Iceland making profit from European research funding

European co-operation in education and science has netted Iceland ten billion kronur over the last 15 years, according to a University of Iceland source.

According to Agust Hjortur Ingthorsson, the head of Research Services at the university, pan-European science and education funding has profited Iceland to the tune of ISK 10 billion (EUR 60 million) in 15 years.

In a Frettabladid article this week, Ingthorsson writes that successful grant applications by Icelandic parties attracted EUR 150 million in European funding between 1995 and 2010 — which is ISK 25 billion at today’s rate.

Iceland’s annual contribution to pan-European science and education funding has never exceeded the amount successful grant applicants from the country have been awarded. The difference between national contribution and grants awarded to Icelandic parties is EUR 60 million, or ISK 10 billion.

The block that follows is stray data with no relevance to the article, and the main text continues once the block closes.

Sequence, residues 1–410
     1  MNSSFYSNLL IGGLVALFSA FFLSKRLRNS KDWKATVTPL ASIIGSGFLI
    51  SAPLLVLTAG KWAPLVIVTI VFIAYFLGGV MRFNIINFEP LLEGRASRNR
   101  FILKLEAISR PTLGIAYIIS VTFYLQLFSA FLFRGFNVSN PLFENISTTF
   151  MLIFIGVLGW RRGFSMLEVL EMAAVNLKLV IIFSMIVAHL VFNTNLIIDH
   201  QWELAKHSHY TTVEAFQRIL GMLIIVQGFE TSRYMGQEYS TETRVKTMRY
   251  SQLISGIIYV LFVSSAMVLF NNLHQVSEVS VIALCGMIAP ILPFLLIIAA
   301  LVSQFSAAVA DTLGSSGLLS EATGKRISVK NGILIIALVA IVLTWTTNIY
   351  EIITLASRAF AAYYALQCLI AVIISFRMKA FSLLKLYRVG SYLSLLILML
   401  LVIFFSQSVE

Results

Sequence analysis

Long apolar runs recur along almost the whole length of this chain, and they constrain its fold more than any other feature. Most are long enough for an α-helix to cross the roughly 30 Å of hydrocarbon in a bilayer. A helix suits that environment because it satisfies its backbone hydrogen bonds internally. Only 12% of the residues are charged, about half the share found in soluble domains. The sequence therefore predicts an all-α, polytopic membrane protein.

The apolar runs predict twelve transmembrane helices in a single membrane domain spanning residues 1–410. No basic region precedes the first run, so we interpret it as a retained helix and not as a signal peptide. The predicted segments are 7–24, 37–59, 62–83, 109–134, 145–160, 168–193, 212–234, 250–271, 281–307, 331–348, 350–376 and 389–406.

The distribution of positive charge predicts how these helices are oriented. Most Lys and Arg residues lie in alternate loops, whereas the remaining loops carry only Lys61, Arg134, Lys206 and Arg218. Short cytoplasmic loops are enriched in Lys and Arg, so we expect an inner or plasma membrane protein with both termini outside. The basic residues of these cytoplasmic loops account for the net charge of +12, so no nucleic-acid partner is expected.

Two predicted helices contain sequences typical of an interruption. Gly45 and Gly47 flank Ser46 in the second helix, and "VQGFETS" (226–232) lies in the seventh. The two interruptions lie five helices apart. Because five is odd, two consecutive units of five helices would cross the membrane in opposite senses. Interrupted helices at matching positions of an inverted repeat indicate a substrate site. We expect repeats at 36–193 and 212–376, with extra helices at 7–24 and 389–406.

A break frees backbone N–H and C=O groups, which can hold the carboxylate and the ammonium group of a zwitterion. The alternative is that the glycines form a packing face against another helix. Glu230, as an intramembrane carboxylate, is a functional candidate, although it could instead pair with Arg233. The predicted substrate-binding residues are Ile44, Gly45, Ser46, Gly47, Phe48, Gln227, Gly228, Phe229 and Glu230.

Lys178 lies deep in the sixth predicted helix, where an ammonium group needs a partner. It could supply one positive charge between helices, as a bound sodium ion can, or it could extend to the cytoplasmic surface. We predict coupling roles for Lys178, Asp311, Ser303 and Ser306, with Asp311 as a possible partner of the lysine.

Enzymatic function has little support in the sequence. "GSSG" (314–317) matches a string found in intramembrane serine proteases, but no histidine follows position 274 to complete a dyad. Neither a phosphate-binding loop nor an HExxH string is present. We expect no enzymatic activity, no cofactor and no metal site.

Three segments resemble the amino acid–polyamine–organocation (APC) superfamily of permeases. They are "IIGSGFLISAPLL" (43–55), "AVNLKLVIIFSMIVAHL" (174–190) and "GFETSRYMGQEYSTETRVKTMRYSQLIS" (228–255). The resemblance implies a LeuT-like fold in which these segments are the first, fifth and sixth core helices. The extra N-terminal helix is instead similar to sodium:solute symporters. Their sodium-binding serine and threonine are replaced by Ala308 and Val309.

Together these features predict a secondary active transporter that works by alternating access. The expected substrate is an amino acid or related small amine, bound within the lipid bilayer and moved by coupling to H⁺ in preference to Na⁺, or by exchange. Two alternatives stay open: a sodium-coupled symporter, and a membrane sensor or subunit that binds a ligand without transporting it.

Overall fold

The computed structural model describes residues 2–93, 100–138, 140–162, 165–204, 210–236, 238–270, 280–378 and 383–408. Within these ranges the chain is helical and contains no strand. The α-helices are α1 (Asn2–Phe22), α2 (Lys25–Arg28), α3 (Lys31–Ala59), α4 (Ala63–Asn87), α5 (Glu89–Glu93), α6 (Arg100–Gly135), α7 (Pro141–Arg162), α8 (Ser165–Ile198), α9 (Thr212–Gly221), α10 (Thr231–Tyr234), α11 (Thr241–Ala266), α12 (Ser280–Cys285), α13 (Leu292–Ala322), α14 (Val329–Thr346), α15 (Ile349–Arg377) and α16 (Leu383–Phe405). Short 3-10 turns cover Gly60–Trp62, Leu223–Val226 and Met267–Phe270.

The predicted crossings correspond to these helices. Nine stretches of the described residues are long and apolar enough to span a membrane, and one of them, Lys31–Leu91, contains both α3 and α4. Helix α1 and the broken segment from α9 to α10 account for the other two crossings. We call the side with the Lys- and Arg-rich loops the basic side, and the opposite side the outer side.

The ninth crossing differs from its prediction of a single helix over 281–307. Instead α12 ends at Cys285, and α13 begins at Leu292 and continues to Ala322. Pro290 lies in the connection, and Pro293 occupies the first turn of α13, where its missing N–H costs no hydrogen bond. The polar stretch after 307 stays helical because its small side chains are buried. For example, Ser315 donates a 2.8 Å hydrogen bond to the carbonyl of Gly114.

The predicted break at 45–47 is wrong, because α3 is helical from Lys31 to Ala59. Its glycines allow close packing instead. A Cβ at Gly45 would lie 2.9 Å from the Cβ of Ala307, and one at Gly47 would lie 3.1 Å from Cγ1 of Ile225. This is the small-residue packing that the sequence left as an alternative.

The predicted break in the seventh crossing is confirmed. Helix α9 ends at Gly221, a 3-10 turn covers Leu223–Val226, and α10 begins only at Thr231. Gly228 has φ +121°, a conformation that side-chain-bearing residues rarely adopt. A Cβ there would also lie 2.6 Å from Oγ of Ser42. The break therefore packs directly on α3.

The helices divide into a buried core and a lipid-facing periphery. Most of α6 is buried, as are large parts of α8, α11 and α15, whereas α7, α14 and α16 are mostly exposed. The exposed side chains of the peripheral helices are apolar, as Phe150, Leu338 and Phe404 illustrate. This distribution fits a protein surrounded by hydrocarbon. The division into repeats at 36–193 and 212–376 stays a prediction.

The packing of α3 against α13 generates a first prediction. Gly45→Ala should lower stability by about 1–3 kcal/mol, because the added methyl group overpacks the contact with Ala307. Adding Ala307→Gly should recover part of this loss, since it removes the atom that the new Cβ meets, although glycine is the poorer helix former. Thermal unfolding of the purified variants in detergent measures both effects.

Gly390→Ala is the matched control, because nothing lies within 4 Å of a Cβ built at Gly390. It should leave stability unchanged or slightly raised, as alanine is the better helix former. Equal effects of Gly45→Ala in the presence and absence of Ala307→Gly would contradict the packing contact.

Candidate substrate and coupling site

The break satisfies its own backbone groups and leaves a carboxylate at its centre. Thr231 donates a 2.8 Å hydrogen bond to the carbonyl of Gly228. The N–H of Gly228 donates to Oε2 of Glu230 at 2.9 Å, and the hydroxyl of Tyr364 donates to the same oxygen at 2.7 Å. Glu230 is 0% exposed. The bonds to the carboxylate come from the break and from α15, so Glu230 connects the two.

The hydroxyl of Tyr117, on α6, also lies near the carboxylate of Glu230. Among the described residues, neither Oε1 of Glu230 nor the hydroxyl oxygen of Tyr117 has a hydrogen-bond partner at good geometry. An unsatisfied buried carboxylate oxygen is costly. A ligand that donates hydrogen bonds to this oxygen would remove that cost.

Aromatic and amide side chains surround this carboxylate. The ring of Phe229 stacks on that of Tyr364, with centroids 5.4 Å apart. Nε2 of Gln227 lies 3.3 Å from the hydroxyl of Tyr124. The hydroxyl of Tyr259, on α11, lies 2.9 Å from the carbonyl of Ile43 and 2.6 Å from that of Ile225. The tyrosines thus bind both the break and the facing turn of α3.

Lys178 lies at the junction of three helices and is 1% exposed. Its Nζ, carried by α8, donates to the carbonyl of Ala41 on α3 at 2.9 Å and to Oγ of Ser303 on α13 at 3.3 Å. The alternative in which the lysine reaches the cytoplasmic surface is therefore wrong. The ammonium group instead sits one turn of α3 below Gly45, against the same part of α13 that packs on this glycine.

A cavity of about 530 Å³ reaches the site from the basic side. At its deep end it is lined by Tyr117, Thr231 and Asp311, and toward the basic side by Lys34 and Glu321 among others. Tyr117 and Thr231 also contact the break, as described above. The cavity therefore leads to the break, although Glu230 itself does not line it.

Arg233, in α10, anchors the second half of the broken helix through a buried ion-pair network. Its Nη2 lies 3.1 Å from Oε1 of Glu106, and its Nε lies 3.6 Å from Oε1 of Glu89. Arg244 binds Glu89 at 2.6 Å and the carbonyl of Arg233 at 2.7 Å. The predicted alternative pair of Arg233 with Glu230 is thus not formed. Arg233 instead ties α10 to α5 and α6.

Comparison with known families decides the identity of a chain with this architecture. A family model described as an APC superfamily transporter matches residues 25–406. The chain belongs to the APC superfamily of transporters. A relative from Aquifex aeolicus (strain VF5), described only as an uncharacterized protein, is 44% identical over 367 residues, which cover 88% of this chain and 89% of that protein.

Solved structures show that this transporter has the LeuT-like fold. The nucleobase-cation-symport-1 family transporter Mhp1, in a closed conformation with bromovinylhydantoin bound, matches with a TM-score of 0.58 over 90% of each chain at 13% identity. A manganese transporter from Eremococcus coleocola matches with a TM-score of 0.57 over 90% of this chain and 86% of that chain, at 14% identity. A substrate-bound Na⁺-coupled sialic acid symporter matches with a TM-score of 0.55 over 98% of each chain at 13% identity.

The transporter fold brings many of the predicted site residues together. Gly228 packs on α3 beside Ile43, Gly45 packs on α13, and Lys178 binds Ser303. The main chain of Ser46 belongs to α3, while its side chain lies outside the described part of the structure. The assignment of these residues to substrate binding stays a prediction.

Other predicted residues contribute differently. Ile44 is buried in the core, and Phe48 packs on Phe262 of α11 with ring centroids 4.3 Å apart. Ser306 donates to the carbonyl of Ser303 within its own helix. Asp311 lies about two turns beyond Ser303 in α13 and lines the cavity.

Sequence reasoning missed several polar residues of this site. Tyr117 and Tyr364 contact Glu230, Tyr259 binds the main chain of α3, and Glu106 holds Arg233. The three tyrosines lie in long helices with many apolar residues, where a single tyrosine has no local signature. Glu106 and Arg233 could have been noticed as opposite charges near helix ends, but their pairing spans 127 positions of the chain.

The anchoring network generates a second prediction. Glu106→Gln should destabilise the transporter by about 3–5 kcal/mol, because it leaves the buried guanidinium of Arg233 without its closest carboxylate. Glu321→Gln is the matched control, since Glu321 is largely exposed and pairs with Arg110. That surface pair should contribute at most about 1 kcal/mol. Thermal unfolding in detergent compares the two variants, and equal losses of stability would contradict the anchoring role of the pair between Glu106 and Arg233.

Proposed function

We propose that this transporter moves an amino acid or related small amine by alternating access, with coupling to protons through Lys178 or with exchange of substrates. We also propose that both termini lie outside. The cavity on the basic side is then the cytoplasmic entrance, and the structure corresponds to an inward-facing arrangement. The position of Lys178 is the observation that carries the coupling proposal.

Ingthorsson added that the financial ‘profit’ is not the country’s only gain. Access to knowledge and co-operation across European borders stimulates research and development in Iceland, the massive value of which is hard to quantify.

The biggest Icelandic receiver of European research and education money in previous years has been DeCode Genetics, closely followed by the University of Iceland. The university has benefited from a billion kronur in European money.

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